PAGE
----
[ What's Next? ] What Will Airports Be Like in the Future?
14 March 2018
In the future, you’ll want to visit the airport more often.
Imagine getting from your home to your plane to your hotel and back again without having to lug your luggage around, stand in lines, go through an annoying security process, and walk miles to your gate. Imagine not even having to carry a passport or boarding pass.
That’s the travel experience that airlines and airports want to offer passengers over the next few decades.
Speaking at the International Air Transport Association (IATA) World Passenger Summit in Barcelona, Dubai Airports CEO Paul Griffiths shared a vision of the future of airport design. Based on transport pods to get you from your point of origin to your concourse, the concept would make reaching the gate less of a marathon.
Griffiths believes that if airports and airlines start thinking like technology companies instead of transportation infrastructure — challenging current transport and security processes and terminal design — that we can enjoy a much improved air travel experience.
“We need to take a leaf out of the books of Uber, Amazon, Facebook and eBay and all of those who have applied technology and process design to re-imagine their entire business around customer convenience,” he said. “This would trigger a dramatic redesign of airports.”
Biometric ID and Security
In the future, airlines and airports want to get rid of check-in desks and security lines. Instead, passengers may get their luggage picked up at home or at the hotel, and delivered again to their residence at the destination.
Passengers' identities could be confirmed using biometric screening without having to present security documents, and advanced screening technology would ensure passengers are safe without having to stop to scan bags, laptops and shampoo bottles, or remove shoes and belts.
“Imagine an airport with no check-in, no immigration, and discreet non-intrusive security all enabled by a single identity database securely held in the cloud and available to those who currently need physical evidence of our identity as we travel,” Griffiths said. “The possibility then re-emerges to reorder the entire travel process around the customer’s service, rather than around the convenience of everyone else.”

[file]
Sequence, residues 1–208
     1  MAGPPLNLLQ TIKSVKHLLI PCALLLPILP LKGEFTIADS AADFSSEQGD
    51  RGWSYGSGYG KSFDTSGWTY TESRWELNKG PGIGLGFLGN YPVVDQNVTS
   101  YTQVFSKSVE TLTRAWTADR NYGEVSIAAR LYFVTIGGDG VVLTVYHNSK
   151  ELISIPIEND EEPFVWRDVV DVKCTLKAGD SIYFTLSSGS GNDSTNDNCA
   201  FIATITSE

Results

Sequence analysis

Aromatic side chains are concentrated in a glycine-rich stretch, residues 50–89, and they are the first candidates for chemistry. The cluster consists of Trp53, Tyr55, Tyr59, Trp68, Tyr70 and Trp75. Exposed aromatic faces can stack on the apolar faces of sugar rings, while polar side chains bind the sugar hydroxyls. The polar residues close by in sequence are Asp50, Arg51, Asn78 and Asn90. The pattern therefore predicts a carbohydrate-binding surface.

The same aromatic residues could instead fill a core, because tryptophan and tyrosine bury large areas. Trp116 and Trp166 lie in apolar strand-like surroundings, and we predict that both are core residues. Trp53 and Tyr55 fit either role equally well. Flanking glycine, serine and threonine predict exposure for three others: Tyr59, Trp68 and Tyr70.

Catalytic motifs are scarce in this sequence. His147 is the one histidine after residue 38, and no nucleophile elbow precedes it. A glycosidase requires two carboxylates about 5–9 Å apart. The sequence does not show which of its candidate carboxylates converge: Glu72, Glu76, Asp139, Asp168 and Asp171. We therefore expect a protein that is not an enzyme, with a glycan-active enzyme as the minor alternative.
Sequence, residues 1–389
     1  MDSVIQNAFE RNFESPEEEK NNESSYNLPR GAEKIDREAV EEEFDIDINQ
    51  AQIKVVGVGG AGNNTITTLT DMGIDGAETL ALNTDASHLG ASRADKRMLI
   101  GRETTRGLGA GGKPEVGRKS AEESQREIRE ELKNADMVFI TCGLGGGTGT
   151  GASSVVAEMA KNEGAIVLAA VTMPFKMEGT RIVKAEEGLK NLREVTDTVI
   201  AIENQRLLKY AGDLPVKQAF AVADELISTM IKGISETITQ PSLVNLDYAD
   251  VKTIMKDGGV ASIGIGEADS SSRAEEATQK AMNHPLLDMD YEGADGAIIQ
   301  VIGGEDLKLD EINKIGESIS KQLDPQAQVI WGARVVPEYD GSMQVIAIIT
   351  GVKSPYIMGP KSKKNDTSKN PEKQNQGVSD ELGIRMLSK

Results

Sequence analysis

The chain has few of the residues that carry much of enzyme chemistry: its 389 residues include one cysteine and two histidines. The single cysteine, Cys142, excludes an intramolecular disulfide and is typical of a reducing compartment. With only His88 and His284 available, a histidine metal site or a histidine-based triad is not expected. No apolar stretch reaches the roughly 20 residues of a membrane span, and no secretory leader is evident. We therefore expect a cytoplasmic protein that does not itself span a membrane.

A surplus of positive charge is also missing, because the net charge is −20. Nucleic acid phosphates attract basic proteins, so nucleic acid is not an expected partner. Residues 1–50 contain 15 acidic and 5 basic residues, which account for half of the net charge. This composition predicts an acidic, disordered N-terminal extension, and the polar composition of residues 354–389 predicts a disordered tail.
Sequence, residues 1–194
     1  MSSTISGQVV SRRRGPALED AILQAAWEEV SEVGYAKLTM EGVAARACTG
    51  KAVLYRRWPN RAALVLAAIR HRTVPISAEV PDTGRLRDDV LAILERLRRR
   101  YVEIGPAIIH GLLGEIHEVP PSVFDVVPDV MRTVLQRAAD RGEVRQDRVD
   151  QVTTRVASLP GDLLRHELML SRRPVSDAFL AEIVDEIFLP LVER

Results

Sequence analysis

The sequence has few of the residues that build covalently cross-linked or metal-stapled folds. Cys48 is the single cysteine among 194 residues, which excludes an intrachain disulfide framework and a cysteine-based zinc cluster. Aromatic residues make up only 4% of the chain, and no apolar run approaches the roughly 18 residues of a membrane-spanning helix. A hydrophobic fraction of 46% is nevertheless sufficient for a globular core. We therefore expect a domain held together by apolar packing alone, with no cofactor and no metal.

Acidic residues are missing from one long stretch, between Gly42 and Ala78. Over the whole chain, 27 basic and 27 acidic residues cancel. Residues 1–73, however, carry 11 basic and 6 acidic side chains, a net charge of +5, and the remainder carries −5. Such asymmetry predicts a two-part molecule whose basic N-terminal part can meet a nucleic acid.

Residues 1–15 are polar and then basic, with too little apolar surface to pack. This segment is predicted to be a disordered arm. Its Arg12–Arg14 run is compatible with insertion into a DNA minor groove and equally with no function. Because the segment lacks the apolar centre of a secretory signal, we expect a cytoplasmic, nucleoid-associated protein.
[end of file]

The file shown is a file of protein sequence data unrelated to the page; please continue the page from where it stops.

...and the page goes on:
Sound unreal? Much of the technology needed to deliver this experience is already in place.
Biometric identity is gaining momentum in the aviation industry, with plans to go beyond today’s facial or fingerprint scanners, to having passengers simply walk by and be recognized with a combination of biometric “footprints.” It’s a concept right out of science-fiction films, but it could be deployed within the next five to 10 years.
“The question is can we get it over the line with the various governmental departments who hold the key to this,” Griffiths said.
Pods to Planes
With baggage taken care of and security lines eliminated, Griffiths says, airports can be designed based on smaller concourse nodes, where passengers can find their gates and lounges, perhaps some retail and dining.
They would be transported directly and quickly on pod-like public transport, which could be using a pod-concept, like Hyperloop, or something simpler, like “platooned” trains in which cars can split off to go to multiple destinations.
“Pods will be able to take customers from their chosen point of entry directly to their plane in a matter of a few minutes without leaving their seat,” Griffiths said.
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Credit: Traveland Leisure
Credit link: http://www.travelandleisure.com/airlines-airports/building-airport-of-the-future